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Saturday, March 31, 2012

Family room wars - Streaming, Apps & Set-Tops

Are you tired of your Cable fees?
The demise of "All you can eat buffet" Cable TV is here...or is it?

Comcast has me locked in with their Triple play.
All I need is internet and nothing else; hardly have time to sit in front of the idiot box, but there are no other options in my area (other than *slow* ATT DSL)
Anthony Woods, founder of Roku has this to say “ a major cable operator could begin offering separate a-la-carte programming via over-the-top internet services outside the typical bundled subscription as early as this year.”
Where is Roku going? Read it here
Interesting how once a Roku box gets inside people's homes, cable TV is unplugged in 40% of the homes.

 There are three kinds of war - CONTENT WAR, the APP WAR and the Device war that is being played out in millions of households in the family rooms and bedrooms
Streaming War - Netflix, HBO GO and XFINITY STREAMPIX are locking horns
Netflix CEO Reed Hastings has positioned his streaming service as complimentary to cable/satellite TV. He does not really want cable and satellite his piece of the pie.

But guess what, the cable companies and content owners are not sitting on their hands, letting Netflix be complimentary. Comcast streaming option Xfinity Streampix was announced last month and Time Warner’s HBO Go are already eating into NETFLIX.

And talk about Roku the other player in this space that is playing nice - but can start competing *very* quickly too. For now they are happy dominating the set top box market...NUMERO UNO that they are. They have a quality product, a quality user interface, great price point $50, and almost 500 content providers (public and private Channels in the ROKU lingo) streaming onto 2.5 million devices  into homes. They are a NETFLIX/ HOTMAIL waiting to happen. There are lot of content providers that are shipping out free ROKU boxes, based up on subscription. The 500 content providers? Some are free and some are subscription based. The subscription is one time (games etc), to monthly fees (NETFLIX, AMAZON PRIME), Season Package (like MLB, NBA TV) and even channels that require a participating cable or satellite subscription (HBO GO

“Life is pretty simple: You do some stuff. Most fails. Some works.  You do more of what works. If it works big, others quickly copy it. Then you do something else.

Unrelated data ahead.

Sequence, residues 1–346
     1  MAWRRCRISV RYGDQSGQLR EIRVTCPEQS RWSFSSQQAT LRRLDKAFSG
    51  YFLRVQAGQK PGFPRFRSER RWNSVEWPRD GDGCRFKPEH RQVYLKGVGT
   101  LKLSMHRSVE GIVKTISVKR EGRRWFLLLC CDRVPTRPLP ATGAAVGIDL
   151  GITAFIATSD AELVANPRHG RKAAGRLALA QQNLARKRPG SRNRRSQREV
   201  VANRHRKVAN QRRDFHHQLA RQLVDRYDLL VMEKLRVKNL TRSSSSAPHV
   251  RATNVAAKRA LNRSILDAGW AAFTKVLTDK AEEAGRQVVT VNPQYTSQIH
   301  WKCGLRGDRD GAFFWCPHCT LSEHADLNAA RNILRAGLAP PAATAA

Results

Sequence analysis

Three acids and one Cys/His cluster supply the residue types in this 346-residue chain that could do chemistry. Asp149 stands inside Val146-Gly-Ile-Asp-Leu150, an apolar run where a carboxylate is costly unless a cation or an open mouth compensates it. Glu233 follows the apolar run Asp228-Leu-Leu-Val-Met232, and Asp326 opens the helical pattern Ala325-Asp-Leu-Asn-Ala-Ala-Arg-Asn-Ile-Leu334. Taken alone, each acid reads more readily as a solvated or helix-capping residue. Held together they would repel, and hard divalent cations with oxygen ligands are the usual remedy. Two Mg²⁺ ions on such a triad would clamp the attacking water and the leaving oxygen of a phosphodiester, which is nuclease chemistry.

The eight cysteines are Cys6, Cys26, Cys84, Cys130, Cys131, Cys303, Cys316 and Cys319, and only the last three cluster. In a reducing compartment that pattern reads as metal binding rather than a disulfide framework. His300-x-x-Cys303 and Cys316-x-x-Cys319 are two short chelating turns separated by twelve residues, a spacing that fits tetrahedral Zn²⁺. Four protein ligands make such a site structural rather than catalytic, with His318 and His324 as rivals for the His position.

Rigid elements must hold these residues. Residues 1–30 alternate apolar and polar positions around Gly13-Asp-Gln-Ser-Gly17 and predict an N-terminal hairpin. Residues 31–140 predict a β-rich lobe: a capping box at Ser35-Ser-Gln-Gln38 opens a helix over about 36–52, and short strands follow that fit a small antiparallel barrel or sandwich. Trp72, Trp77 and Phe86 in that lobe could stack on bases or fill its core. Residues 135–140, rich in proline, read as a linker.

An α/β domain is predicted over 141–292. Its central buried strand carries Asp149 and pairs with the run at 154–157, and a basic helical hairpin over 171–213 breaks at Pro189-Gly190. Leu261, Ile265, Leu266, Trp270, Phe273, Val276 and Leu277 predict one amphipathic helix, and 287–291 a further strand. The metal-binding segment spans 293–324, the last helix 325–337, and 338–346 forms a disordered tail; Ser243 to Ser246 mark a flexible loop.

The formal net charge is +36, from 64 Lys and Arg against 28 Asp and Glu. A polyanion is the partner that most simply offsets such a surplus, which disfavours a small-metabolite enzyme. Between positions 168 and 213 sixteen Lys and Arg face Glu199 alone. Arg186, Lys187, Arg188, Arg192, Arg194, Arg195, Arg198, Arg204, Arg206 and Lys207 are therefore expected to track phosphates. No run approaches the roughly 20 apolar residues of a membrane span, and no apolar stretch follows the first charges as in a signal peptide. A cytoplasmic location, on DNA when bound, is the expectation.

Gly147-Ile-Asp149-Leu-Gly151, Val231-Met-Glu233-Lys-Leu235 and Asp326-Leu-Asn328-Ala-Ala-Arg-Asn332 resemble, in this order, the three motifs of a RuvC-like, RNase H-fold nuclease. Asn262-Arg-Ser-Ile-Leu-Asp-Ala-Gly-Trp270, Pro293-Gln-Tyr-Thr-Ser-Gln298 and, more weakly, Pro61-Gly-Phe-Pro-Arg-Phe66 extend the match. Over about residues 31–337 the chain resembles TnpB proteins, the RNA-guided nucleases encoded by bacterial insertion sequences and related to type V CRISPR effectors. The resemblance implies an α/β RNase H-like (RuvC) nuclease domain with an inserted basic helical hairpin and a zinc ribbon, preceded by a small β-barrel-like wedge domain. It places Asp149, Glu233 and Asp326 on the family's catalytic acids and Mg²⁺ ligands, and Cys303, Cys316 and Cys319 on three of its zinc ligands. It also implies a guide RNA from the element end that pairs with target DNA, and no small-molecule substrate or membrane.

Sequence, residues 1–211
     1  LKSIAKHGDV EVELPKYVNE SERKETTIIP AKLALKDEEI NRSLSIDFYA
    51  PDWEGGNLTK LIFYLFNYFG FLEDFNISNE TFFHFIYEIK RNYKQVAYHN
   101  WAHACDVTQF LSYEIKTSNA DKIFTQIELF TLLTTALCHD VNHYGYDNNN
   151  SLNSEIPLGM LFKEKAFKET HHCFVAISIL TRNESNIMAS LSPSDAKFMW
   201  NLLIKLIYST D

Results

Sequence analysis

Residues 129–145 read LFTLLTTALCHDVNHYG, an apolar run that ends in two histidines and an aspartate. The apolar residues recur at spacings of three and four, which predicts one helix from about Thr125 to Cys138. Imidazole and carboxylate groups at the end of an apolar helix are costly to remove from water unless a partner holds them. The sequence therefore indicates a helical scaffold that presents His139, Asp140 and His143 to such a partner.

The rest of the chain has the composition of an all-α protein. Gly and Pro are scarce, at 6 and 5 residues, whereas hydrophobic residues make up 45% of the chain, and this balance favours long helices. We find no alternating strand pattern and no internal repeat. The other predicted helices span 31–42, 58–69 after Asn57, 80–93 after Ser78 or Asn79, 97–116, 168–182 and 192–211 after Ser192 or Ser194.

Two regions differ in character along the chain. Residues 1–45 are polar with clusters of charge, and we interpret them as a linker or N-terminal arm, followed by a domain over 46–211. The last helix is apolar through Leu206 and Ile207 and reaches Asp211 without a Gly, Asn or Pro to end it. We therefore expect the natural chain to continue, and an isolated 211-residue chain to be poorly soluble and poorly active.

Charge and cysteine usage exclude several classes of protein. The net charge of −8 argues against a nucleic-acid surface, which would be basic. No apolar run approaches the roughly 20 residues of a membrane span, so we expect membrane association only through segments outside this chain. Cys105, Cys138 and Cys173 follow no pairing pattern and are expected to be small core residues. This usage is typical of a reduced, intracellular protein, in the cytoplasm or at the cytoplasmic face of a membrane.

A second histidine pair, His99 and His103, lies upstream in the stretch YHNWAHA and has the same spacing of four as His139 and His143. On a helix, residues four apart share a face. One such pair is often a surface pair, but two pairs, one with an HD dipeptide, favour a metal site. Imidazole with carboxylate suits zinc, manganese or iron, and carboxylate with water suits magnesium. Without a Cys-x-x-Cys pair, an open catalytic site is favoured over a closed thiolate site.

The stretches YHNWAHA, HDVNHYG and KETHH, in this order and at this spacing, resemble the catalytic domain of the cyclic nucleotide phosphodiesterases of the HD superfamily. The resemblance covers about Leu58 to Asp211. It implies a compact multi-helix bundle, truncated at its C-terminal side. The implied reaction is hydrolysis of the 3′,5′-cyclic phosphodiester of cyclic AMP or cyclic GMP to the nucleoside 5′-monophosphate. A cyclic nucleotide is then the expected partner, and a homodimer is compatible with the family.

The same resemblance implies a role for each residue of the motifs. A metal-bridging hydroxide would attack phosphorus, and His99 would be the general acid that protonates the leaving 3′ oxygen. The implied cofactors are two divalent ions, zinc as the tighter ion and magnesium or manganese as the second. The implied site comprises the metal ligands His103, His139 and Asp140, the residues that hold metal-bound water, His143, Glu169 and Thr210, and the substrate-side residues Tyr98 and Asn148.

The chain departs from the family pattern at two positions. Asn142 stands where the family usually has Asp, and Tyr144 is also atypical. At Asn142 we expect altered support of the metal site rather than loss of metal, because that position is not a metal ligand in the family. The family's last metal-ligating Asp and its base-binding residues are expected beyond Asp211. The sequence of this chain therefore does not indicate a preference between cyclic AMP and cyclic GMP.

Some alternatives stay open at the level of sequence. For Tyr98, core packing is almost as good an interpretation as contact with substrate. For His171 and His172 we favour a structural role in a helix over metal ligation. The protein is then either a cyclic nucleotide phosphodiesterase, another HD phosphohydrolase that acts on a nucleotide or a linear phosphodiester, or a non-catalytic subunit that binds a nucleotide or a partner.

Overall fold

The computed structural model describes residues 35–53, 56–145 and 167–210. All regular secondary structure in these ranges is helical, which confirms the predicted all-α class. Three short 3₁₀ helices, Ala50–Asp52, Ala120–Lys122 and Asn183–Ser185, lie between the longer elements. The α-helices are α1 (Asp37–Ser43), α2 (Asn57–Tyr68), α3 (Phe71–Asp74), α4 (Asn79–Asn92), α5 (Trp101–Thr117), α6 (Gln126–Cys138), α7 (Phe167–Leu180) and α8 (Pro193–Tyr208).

The trick is the doing something else.”
― Leonardo da Vinci

This might as well be Anthony Woods, considering his track record and how their competition have blatantly copied their strategies and successes.

Another variable in this is the mobility and tablet market. If an enterprise can take over the TV space, it is a cinch to also capture the Tablet, PC/ Portable Media Device and provide that ubiquitous on-demand programming

Here are details from slashgear about Comcast's Netfinity StreamPix

If you’re a user of Netflix streaming service, HULU Plus, or both, you know that there’s a lot to differentiate the two, but that not a lot of ground is left to cover after they’ve taken their piece of the pie. That’s where Comcast comes in with Xfinity Streampix. The group has this week revealed, though not formally announced, their upcoming streaming video service which will take command of its 75,000 shows and films that Comcast already offers and adds deals with several large picture companies.

This service is currently signed between Comcast and groups such as Disney, Sony Pictures, and Time Warner’s Warner Bros. If this means that the Disney collection of animated movies are included in the catalog of streaming content, you’re going to see a gigantic windfall from this deal. As Marcien Jenckes, general manager of video services at Philadelphia-based Comcast said earlier today:
“This is about adding value to our existing multi-channel subscription.” – Jenckes
What she’s referring to is the fact that this service will not be offered to non-customers. That is, if you’ve got both internet and TV through Xfinity On Demand, you’ll be getting this service for free. If you do not purchase broadband from Comcast but still do get TV, this package will cost you an additional $4.99 a month – if you want it. If what this proposition is saying is true, and that in addition to these giant names providing new content that’s not already on Netflix or Hulu Plus, there’s a back catalog of 75,000 videos – this may well be a force to be reckoned with in the near future!
[via Bloomberg]

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